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A Micro Biography of Dr. Steph Shames - A Passion to Succeed

Steph Shames, Ph.D., is a woman on a mission. She is bound and determined to understand every detail of effector proteins, and she is committed to humanizing the face of science. Ultimately, she wants students to understand that things do not always come easily, even for successful people, but that anyone can become a scientist, no matter their background, as long as they are willing to persist through challenging times. That’s certainly been true in her experience. From the earliest days of her childhood, Steph has been pushed by an innate will to succeed at the highest levels, especially in her classwork. But her path wasn’t always smooth, and that’s part of what makes her such an inspiration.  

Steph grew up primarily in Toronto, the oldest of three siblings and the child of a businessman and a bookkeeper. Her parents divorced when she was quite young, and by the time she was in 8th grade she had attended 8 different schools. There were no scientists in her family, and she was encouraged to follow in her father’s footsteps by getting a business degree. But business didn’t interest her. Instead, Steph wanted to become a large animal veterinarian. She was dissuaded and told that science was “very difficult,” but Steph wasn’t easily deterred.  

Becoming a veterinarian requires a university education, and in Ontario prior to 2003, attending university required completing at least six high-level classes after 12th grade called “Ontario Academic Credits (OAC).” One of those classes was OAC Chemistry. It’s hard to believe now, but at the time, Chemistry wasn’t easy for Steph. When she took it in Grade 12, she struggled and earned a C in the class. Not satisfied with the grade she received, she took the course again the following year, with much better results. What makes her persistence even more impressive is that she managed her demanding courseload while active in multiple extracurricular activities and while working multiple jobs to pay for public transportation and save money for university.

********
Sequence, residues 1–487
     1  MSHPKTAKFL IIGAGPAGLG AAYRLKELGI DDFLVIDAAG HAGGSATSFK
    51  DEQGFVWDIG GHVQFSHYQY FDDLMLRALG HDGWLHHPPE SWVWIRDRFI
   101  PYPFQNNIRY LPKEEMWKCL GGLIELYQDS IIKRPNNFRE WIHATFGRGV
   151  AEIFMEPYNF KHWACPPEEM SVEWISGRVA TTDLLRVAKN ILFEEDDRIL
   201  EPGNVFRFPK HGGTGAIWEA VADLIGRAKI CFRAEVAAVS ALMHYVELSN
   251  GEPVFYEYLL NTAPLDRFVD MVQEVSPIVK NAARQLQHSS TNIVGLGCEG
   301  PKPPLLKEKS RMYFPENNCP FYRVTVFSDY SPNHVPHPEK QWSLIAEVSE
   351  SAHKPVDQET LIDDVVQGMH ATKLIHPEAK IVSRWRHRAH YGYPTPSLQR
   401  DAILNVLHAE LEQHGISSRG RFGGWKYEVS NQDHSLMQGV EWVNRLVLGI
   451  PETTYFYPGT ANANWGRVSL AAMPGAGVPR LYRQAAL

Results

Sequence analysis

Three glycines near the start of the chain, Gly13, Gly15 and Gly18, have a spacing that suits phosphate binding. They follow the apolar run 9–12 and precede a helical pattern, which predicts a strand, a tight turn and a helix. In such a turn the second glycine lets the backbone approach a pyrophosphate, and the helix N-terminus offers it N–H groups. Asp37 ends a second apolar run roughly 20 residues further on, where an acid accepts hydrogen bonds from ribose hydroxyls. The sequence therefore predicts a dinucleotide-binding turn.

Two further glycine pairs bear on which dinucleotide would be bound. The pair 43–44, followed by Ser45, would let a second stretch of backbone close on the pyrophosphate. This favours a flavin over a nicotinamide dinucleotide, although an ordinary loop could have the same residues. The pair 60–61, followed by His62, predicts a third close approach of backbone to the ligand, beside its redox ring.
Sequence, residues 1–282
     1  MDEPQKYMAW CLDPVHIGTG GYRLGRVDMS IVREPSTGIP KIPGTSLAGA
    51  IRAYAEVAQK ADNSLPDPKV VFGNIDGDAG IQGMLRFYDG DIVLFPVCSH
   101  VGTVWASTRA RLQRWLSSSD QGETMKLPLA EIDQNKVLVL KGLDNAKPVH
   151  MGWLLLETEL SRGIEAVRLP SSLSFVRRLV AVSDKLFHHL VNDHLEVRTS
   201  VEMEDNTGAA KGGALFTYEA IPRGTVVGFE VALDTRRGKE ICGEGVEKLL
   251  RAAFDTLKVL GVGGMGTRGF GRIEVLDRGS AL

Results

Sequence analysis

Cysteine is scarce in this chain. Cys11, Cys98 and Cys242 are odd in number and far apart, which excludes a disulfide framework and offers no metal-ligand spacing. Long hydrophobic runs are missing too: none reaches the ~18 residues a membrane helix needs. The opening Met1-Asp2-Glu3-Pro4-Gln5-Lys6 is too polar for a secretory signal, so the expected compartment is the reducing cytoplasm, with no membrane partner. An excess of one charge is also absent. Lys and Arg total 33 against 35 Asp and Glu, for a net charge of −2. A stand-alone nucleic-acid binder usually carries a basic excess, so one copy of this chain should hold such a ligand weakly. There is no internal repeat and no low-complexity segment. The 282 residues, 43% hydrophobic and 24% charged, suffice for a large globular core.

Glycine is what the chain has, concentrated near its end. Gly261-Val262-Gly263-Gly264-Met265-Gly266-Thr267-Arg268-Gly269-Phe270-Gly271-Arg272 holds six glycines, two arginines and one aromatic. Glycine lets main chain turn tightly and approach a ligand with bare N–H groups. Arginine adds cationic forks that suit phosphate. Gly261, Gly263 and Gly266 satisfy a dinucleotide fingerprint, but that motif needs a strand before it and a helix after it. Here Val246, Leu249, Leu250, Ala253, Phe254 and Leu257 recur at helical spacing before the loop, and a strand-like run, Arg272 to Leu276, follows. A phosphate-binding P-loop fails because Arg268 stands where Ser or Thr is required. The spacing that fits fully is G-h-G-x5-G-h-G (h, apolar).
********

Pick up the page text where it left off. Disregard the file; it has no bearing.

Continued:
After high school, Steph put herself through college at the University of Western Ontario. Initially, she pursued the biology degree she needed to become a veterinarian, but in her sophomore year, a lab class changed her life and introduced her to microbiology and experimental design. Prior to the class, the only thing that she knew about microbiology was that the lead singer of one of her favorite bands, “The Offspring,” had a microbiology degree. This class required that students develop a hypothesis to test using available lab reagents, such as bacterial strains, plasmids, phages, and media, and give a poster presentation on the results. Steph loved this approach, and reveled in the departure from the rote memorization that formed the bulk of most of her other classwork. She designed an experiment to test the impact of plasmid size on its ability to be taken up by bacteria. At the time, she didn’t know that it was already a well-understood subject. She devoted herself to the project, received 100% in the class, and was completely hooked. She reached out to Professor John McCormick in the Microbiology & Immunology Department and asked if she could work in his lab. He put her through the paces in a rigorous interview and informed her that he could take her on only if she received a scholarship that she had applied for. Sadly, Steph did not receive that scholarship, but she performed well enough in the interview that Dr. McCormick found funding for her and hired her. She spent two summers and her senior honors thesis working on a project analyzing T cell activation by Staphylococcal superantigens. During Steph’s senior year, Dr. McCormick gave a lecture in her senior-level Bacterial Pathogenesis class about Dr. Brett Finlay’s research at the University of British Columbia that focused on Pathogenic E. coli effector proteins and their role in infection. Effectors are bacterial proteins injected into host cells by some pathogens, leading to a variety of perturbations that benefit the pathogen. These piqued her interest, so Steph reached out to Dr. Finlay, who interviewed her and encouraged her to apply to the grad program at UBC. Steph’s finances were tight, so even though she wanted to pursue a doctorate, she applied to the master’s program, which had more affordable tuition. She was accepted, and a few months later she moved to Vancouver and began working in Dr. Finlay’s lab.